Financial risk is a central worry for many observers of the Chinese economy. Specifically, indebtedness in the non-financial sector, which has risen rapidly since the deployment of the CNY 4 trillion stimulus package in 2008, has stoked concern about the soundness of China’s financial system.
For several years, mainstream analysis has cautioned—and continues to warn—that China’s indebtedness has breached the levels that signal an impending debt crisis. For instance, the “credit-to-GDP gap,” which was proposed by the Bank for International Settlements (BIS), measures how credit growth has deviated from the long-run trend implied by economic fundamentals (i.e., GDP), and it proves to be an effective early warning indicator of financial crisis. China’s credit gap has far exceeded the 10% warning threshold since 2009, peaking at 28.8% in 1Q16, thus suggesting significant financial vulnerabilities (Figure 1). Similarly, the International Monetary Fund (IMF) has used the financial data of thousands of listed companies in China and calculated the “debt-at-risk” ratio, which is defined as an interest coverage ratio (EBITDA/interest expense) of below 1. The IMF warned that the total debt-at-risk held by Chinese non-financial firms rose from 7.4% in 2013 to 14.1% in 2015, with an implied potential loan loss at about 7% of GDP.
The assessment on China’s financial risk, however, appears inconsistent with the relative calm in China’s financial market. In spite of modest increases in recent years, the non-performing loan (NPL) ratio of Chinese banks has remained below 2%, in general, and below 6%, with the inclusion of special mention loans. Considering the various buffers within the banking system, such as excess capital, loan loss provisions, and bank profit, it does not appear that China’s financial sector will fall into a crisis in the near term. In general, assessment based on conventional indicators fails to reflect, or at least delays accounting for, the mitigation of China’s financial risk since 2016. But in fact, with the government’s efforts in overcapacity reduction and growth stabilization, China’s macroeconomic situation has improved notably since 2016. PPI inflation rebounded from -5.9% in late 2015 to 7.8% in February; nominal GDP growth rebounded from 6% in 4Q15 to 12% in 1Q17; and industrial profit growth rose from -4.3% in 4Q15 to 27.6% in 1Q17. As a result, the formation of new NPLs has decelerated and worries about a debt crisis notably waned over the course of 2016. By contrast, reported credit gap and debt-at-risk (modestly) stabilized only very recently.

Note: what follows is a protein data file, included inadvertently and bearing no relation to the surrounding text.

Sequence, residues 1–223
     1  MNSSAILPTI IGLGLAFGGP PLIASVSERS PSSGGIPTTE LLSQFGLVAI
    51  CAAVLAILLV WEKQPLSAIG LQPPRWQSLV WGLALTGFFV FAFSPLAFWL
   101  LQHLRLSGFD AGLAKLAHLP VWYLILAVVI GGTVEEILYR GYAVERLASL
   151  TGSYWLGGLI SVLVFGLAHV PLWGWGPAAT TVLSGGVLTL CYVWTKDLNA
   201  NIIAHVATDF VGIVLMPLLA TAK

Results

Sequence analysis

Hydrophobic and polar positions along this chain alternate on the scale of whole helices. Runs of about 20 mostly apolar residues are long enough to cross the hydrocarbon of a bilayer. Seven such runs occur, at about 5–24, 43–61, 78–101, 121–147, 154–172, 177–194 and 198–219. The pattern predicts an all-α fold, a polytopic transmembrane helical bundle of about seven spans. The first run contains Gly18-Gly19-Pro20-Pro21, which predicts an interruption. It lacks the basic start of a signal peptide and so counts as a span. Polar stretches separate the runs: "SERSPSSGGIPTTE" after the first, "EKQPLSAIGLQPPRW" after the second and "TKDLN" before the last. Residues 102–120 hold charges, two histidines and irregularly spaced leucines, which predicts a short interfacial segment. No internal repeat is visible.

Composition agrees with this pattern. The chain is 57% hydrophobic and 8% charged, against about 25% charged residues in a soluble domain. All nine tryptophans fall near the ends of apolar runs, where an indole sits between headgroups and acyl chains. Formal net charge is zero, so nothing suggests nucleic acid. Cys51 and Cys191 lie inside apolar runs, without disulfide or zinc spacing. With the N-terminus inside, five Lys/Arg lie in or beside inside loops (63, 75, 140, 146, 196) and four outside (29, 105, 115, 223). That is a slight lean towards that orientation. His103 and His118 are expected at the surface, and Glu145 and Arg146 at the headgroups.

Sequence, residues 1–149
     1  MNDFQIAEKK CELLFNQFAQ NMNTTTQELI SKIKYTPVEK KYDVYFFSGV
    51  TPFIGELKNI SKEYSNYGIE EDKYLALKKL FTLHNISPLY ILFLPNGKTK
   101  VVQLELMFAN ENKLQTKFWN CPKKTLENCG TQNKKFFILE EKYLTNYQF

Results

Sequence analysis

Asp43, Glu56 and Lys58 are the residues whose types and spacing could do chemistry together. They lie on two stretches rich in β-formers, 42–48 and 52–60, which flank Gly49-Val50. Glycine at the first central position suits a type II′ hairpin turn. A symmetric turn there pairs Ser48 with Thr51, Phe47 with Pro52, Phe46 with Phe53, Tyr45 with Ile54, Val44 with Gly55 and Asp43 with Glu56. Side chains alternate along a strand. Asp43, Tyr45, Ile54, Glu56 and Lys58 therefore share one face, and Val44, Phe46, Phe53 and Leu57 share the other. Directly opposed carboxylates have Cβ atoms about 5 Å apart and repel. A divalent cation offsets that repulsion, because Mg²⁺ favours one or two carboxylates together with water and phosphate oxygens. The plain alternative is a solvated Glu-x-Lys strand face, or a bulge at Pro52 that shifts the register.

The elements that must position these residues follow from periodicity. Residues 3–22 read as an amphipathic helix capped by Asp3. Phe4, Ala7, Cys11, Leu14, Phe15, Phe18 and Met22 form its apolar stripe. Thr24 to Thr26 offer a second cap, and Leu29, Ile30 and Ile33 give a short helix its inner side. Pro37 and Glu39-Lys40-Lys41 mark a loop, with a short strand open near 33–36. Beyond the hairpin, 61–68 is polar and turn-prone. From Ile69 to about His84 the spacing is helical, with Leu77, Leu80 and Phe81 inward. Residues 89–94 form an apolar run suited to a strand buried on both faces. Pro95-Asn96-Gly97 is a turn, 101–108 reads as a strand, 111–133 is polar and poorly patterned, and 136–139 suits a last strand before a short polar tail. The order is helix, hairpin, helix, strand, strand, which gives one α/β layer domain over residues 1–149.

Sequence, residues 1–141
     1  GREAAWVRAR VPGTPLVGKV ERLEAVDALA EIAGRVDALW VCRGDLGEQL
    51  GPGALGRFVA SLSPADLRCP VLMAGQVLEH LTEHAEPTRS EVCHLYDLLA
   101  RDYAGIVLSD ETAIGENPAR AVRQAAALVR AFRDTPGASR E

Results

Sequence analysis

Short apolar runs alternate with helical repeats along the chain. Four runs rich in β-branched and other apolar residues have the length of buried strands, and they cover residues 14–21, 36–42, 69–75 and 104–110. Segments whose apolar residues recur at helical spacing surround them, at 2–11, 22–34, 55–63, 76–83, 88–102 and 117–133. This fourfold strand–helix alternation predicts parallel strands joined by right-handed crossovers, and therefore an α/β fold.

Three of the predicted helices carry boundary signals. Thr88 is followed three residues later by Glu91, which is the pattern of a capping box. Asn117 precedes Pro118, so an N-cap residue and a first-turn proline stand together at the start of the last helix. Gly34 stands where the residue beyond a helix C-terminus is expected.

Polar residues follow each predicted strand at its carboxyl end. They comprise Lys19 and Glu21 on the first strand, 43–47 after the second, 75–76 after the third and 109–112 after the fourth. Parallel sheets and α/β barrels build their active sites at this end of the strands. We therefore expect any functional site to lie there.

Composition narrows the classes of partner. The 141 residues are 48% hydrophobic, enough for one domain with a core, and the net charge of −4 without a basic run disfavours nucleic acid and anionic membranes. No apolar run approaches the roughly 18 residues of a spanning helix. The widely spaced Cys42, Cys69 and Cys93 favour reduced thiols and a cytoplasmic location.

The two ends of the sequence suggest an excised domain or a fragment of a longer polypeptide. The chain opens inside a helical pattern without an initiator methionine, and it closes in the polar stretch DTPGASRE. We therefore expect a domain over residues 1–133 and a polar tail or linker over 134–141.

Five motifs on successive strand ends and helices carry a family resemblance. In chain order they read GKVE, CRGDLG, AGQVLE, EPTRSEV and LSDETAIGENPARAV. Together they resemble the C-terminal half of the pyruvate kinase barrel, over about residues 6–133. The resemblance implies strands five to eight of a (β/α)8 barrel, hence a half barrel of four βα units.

In the past several years, a small branch of literature has emerged to develop alternative approaches for assessing the systemic risk of China’s financial sector. Fan et al. (2013) suggest that the systematic distance to default can reflect well the systemic risk in China’s banking sector. Huang et al. (2015) examine systemic risk in the Chinese banking system by estimating the conditional value at risk (CoVaR), the marginal expected shortfall (MES), the systemic impact index (SII), and the vulnerability index (VI) for 16 listed banks in China. Fang (2016) builds a balance sheet network model, which takes into account banks’ deleveraging, bankruptcy and spillover mechanisms, and shows that systemic risk is mainly driven by bank assets and interbank connections. Yang et al. (2017) explore the architecture and determinants of the transmission of financial shocks among China’s financial institutions. They find that, although banks still dominate China’s financial system, non-bank financial institutions have considerable influence as well. Additionally, the role that each financial institution plays in the transmission of financial shocks is not static but varies over time.
Against this backdrop, Hao Zhou, Haibin Zhu and Xiangpeng Chen from the National Institute of Financial Research at Tsinghua University have adopted a new set of indicators for measuring the systemic risk in China’s financial sector and the systemic risk contribution of individual financial institutions. These indicators incorporate equity price data and modern portfolio credit risk techniques, especially the pricing of catastrophic risk, and successfully combine macro- and micro-dimension analysis in systemic risk assessment. Compared to conventional early warning indicators, these new indicators have certain advantages, namely: i) the assessment and updates are timely; ii) the information content is forward-looking rather than backward-looking; iii) they will incorporate the impact of changes in forward-looking market confidence, which often play an important role in financial crises; and iv) the information content is less likely to be subject to reporting error or data quality problems.
Macro-dimension: Systemic risk has come down notably in 2016 and remained stable in 2017